Top Chinese diplomat calls Trump’s China policy ‘utter failure’, says US must repair relations with Beijing

Top Chinese diplomat calls Trump's China policy 'utter failure', says US must repair relations with Beijing

Eduardo Baptista

·5 min read
 
 

China’s vice-minister of foreign affairs, Le Yucheng, called Thursday for Washington to take immediate action to repair its relations with Beijing, while assailing the now-departed Trump administration for pursuing a China policy that proved to be an “utter failure”.

Speaking in English, Le said on Thursday during a panel organised by the state-run media outlet China Daily that the two superpowers’ relationship should not be defined by “competition”.

He also criticised former US president Donald Trump and his administration’s handling of the coronavirus pandemic, which he said brought about the “worst setback in the past 40 years” for the two countries’ relations.

 

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“Had the Trump administration chosen science and cooperation over scapegoating and political games, how many lives could have been saved?” Le said.

“Misguided China policy over the past four years has proven to be an utter failure.”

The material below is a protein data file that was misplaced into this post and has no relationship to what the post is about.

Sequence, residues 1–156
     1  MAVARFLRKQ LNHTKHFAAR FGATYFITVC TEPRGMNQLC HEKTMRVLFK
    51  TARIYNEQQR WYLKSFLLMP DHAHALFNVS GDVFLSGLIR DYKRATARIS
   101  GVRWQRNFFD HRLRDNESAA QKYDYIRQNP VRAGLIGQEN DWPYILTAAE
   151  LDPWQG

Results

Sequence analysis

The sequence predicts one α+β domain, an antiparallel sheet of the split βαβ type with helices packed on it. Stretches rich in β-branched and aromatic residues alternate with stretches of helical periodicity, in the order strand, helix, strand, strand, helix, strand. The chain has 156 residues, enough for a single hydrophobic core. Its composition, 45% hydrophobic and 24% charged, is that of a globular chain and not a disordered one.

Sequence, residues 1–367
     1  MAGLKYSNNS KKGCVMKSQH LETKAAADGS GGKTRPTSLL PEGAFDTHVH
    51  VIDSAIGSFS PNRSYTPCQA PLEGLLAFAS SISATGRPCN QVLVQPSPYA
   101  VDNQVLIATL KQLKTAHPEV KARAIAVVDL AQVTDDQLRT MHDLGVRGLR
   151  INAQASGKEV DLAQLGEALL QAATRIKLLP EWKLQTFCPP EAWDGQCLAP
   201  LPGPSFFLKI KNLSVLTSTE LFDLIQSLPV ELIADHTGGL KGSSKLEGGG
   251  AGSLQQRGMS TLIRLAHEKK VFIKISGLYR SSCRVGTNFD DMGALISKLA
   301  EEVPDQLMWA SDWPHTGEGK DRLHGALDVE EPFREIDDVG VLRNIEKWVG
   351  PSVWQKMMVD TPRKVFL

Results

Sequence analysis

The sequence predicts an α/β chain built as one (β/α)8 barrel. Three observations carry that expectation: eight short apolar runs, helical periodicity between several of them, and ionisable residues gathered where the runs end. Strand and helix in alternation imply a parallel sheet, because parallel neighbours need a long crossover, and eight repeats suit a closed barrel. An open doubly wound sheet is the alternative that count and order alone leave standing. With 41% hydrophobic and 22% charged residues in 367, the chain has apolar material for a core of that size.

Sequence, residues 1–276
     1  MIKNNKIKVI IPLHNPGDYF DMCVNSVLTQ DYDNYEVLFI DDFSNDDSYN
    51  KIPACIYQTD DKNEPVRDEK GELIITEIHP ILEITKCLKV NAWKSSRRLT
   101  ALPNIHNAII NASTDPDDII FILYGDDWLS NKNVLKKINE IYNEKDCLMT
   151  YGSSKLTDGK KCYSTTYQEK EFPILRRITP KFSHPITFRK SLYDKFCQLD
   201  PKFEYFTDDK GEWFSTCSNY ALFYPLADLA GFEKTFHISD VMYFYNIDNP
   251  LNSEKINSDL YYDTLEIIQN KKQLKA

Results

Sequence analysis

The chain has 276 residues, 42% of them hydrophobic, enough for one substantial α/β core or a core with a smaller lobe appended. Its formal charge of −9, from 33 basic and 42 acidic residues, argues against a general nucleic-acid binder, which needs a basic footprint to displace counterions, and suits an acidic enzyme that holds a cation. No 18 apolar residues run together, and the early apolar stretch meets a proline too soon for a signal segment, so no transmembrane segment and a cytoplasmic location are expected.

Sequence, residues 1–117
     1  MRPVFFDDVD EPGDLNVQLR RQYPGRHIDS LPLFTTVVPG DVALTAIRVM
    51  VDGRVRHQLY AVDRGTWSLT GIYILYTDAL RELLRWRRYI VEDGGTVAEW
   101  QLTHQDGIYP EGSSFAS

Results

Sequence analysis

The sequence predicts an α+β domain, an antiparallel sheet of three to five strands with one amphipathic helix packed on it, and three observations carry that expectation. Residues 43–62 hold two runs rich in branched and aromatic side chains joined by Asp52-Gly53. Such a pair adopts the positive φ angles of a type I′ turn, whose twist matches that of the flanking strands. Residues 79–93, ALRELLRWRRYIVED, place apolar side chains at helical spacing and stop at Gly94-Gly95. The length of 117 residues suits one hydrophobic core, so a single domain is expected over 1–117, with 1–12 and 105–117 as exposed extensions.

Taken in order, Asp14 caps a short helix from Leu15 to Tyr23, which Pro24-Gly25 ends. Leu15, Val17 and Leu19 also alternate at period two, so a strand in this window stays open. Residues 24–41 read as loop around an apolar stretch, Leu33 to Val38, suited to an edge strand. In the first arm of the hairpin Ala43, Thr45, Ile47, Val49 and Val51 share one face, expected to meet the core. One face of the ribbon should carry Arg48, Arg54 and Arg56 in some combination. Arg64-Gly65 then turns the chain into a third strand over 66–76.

Le Yucheng, shown in July 2020, said on Thursday that former US president Donald Trump’s response to the pandemic had contributed to the “worst setback in the past 40 years” in US-China relations. Photo: Handout alt=Le Yucheng, shown in July 2020, said on Thursday that former US president Donald Trump’s response to the pandemic had contributed to the “worst setback in the past 40 years” in US-China relations. Photo: Handout

The senior diplomat’s comments were the most extensive and candid to date by a top Chinese official about Trump and his administration, now that they have been replaced by Joe Biden and his incoming administration.

Le said he was “impressed” by President Biden’s appeal for unity during his inauguration speech, adding that this same spirit should drive US-China relations going forward.

Le has generally been a moderate voice among Beijing’s diplomatic corps. He was the first to make an overture to the US after its contentious 2020 presidential election, stressing the opportunities for cooperation, and has written long commentaries in state-run media calling for US-China security dialogue to prevent relations between the countries from spiralling out of control.

On Thursday, Le said that the US and China could use Covid-19 and climate change as “priority areas” for cooperation, echoing aspects of Biden’s stated China strategy, which observers say will be more balanced, if not less aggressive, than Trump’s.

“The only thing China asks of the United States … is to quit this obsession with splitting and changing China,” Le said, maintaining Beijing’s stance that the US-led international condemnation of human rights abuses in Xinjiang and Hong Kong is driven by an agenda to support separatist causes in these territories.